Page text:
In the Old Testament, the connection between worship and justice is clear. In the Book of Amos we read, “Even though you offer me your burnt offering and cereal offerings, I will not accept them, and the peace offerings of your fatted beasts I will not look upon. Take away from the noise of your songs; to the melody of your harps I will not listen. But let justice roll down like waters and righteousness like an ever-flowing stream” (Amos 5:22-24).
 
In the New Testament, St. Paul warns both who would seek to put worship and justice over the other in 1 Corinthians 10-11. He begins by pointing out that it is hypocritical for the community that celebrates the Mass to do so while the poor go hungry. He follows that by stressing the importance of eliminating abuses at the Lord’s Supper and participating in the Eucharist only worthily.
 
In fact, both the worship of God and service to the disadvantaged are aspects of justice and charity. We all have a duty to pray and worship God according to the mind of the Church, to offer to God only the best of what we have in our churches (like music and sacred art) as a matter of rendering to God what is due.
 
These worthy services are for the edification of the whole Christian people, the rich and poor alike. The virtue of religion helps us to grow in our relationship with God through our attention and participation in the liturgy. Our participation in the Eucharist ties us into the redeeming sacrifice of Christ on the Cross for our salvation.
As the Second Vatican Council reminded us, the Eucharist is the “source and summit” of the power and life of the Church. The King of Kings deserves all the glory we can render Him as He is made present again on our altars.
 
And serving the Lord at the altar should be part of a seamless life of Christian charity. The spiritual treasure we receive at Mass should inspire and inflame our hearts with charity in service to our neighbor. Indeed, the Christian’s motive for social service and justice is that Christ himself is served when we serve those in need.
 
There is no contradiction then between service at the altar of the Cross and the altar of world, for Christ died that we all might have life and have it to the full.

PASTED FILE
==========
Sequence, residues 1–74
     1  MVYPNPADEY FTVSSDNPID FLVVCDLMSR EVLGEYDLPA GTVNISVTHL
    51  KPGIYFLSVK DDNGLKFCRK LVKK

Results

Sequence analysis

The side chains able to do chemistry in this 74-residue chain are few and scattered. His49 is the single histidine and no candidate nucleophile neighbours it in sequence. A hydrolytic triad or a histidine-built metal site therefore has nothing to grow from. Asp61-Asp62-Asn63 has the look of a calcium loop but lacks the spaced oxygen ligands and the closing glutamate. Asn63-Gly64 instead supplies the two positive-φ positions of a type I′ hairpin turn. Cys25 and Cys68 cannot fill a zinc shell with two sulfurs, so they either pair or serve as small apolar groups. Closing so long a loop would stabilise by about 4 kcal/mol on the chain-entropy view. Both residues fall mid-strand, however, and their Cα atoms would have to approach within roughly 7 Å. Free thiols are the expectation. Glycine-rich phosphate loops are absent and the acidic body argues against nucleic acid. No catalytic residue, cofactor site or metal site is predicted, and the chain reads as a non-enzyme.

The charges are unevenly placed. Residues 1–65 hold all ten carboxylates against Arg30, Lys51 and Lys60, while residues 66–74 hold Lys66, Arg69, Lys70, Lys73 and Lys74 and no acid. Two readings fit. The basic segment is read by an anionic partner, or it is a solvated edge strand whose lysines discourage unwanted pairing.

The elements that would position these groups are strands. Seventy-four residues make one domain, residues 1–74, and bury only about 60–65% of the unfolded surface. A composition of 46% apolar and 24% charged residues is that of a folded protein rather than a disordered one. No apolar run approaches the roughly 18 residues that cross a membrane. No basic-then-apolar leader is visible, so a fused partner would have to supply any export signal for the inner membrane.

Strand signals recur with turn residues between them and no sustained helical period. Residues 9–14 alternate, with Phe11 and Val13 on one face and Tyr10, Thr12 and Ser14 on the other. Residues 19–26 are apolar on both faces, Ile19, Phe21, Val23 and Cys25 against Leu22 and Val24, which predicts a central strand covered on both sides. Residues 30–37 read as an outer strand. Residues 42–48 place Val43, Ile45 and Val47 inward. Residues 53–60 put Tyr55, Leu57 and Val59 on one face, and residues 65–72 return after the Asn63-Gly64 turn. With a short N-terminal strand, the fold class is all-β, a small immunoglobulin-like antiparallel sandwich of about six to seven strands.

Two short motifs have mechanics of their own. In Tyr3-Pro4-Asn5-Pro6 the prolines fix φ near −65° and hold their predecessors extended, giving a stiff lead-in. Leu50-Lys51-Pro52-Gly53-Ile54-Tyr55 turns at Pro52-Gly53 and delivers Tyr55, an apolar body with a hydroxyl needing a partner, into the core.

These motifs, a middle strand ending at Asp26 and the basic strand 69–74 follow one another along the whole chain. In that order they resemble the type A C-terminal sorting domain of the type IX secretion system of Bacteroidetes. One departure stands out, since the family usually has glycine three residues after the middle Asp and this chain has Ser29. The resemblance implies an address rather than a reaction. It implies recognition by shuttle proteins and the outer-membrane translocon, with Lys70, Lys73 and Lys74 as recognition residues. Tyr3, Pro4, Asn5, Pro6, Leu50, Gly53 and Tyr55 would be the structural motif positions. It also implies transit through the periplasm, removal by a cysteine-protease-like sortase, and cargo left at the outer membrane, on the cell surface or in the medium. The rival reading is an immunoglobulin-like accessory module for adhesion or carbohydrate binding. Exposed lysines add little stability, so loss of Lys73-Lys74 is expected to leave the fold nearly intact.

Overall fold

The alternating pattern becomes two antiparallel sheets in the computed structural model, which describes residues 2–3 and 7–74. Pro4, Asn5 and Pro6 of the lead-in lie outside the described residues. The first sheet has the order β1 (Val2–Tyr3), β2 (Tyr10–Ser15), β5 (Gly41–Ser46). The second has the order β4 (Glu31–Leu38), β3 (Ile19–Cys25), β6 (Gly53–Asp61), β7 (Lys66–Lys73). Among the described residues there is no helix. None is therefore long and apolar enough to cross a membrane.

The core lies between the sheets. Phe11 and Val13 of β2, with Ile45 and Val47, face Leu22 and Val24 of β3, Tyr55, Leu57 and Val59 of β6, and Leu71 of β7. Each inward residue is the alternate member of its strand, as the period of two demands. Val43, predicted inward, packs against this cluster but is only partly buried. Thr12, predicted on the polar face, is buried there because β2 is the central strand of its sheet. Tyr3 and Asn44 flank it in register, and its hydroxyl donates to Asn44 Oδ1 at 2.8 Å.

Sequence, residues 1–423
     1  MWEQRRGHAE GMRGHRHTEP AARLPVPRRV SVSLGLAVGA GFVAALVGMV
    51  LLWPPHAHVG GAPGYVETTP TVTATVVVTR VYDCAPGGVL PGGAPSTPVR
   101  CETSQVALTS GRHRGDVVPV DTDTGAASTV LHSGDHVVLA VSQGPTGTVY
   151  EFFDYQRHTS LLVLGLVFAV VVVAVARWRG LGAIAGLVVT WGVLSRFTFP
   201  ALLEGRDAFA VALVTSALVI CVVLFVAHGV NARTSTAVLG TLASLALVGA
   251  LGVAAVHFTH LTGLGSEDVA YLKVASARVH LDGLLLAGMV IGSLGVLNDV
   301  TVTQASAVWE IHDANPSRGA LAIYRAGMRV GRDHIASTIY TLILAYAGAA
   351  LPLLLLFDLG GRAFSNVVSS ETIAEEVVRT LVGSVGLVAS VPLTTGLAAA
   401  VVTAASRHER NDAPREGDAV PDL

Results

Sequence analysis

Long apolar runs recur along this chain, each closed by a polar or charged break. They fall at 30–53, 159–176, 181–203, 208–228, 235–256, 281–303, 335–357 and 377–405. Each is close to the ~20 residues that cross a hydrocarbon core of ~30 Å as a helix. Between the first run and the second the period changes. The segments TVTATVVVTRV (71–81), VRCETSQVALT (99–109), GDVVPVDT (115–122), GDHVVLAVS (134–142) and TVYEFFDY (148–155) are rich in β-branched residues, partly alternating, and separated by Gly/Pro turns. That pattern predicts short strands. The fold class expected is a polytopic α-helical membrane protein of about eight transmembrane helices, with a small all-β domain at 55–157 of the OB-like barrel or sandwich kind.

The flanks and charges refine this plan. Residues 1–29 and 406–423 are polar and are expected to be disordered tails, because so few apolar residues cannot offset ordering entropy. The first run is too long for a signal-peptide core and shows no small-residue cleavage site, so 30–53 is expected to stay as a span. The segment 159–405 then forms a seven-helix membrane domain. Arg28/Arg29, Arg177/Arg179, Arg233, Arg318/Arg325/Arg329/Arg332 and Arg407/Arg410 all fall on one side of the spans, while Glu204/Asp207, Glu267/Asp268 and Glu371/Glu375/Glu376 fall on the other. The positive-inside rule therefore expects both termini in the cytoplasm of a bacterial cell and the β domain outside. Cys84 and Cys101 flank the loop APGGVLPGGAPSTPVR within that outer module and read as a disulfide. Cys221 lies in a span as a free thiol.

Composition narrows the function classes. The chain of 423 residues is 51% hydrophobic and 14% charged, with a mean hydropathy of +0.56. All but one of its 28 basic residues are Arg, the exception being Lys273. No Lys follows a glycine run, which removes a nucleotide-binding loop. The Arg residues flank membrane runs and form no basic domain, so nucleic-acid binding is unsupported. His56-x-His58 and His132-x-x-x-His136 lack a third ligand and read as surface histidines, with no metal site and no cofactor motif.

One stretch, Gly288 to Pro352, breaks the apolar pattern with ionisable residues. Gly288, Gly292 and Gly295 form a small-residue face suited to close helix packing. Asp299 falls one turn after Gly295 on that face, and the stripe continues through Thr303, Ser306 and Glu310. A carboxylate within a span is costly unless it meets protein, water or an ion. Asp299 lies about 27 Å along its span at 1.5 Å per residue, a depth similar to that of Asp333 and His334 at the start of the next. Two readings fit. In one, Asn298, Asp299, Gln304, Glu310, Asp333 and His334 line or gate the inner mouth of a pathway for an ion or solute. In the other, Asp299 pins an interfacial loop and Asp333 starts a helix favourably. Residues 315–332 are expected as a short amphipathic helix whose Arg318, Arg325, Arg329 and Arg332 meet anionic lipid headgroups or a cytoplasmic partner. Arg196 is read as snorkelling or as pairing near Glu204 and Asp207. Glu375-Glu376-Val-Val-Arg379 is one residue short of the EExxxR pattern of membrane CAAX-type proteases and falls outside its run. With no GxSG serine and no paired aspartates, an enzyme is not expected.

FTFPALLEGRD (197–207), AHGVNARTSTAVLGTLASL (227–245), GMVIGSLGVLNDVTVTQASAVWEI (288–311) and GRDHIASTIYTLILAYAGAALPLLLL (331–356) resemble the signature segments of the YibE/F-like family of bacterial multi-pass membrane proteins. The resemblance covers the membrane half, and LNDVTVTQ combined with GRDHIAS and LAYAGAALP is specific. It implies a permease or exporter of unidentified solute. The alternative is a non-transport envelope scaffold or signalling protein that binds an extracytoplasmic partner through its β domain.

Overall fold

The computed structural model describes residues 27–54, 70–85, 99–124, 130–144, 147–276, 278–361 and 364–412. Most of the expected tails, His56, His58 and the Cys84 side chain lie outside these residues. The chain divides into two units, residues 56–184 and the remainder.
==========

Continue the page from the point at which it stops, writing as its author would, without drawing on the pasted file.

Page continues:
As Catholics, we are all obliged to attend Mass with a pure heart and with great praise. At the end of every Mass, we are equally challenged to bring the
Good News and the love that we have first received from Christ into the world.
 
Let us worship the Lord in the beauty of holiness and remember that we serve the same Christ in both our worship and our service.
 
--Steven R. Marchand, a seminarian for the Diocese of Burlington, is scheduled to be ordained to the transitional diaconate by Bishop James F. Checchio, bishop of Metuchen, on Sept. 28 in Rome at the Basilica of St. Peter in the Vatican at the Altar of the Chair.
 

Originally published in Vermont Catholic magazine, Fall 2017.
 

Obituary: Deacon Walter Luther Brenneman Jr.

Deacon Walter "Ted" Luther Brenneman Jr., 80, died Aug. 19 at The Residence at Quarry Hill in South Burlington.

He was born on Dec. 5, 1936, the son of Walter L. and Beatrice (Blouse) Brenneman in Harrisburg, Penn.

He attended Gettysburg College and received a bachelor's degree in 1958. He received his master's degree from the University of Chicago Divinity School and his doctorate in philosophy from the Union Institute in 1974.

He taught at The Stowe School and Marlboro College and retired as professor emeritus of religion at the University of Vermont College of Arts and Sciences. He also authored several books on topics like the holy wells of Ireland, mythological symbolism and religion. He enjoyed research and traveled extensively to Ireland and throughout the world. He and his wife, Mary, walked the Santiago Pilgrimage together and ran a dairy farm in Marshfield for a number of years. He enjoyed skiing, fishing, kayaking and music; he loved all creatures.

For many years he served as a deacon at St. Augustine Parish in Montpelier. Most recently he was a member of St. John Vianney Parish in South Burlington.

On Sept. 19, 1963, he married Mary Helen Gavin in Gettysburg, Penn. She predeceased him in 2011.

Survivors include his children, Leslie Wheelock and her husband, John, of Colchester; Laurie Covington and her husband, Steve, of Palmdale, Calif.; Tracy Gandin and her husband, Dan, of Leland, N.C.; Valerie Brock and her husband, Ronnie, of Wilmington, N.C.; Robin Wright and his wife, Christine, of Bailey, Colo.; and Gavin Wright and his wife, Karen, of Essex; 11 grandchildren; and nine great grandchildren. He was predeceased by one grandson, Owen Wheelock.

A Mass of Christian Burial will be celebrated Friday, Aug. 25, at St. Augustine Church in Montpelier. Committal prayers will be offered immediately following the Mass at the Doty Cemetery in East Montpelier.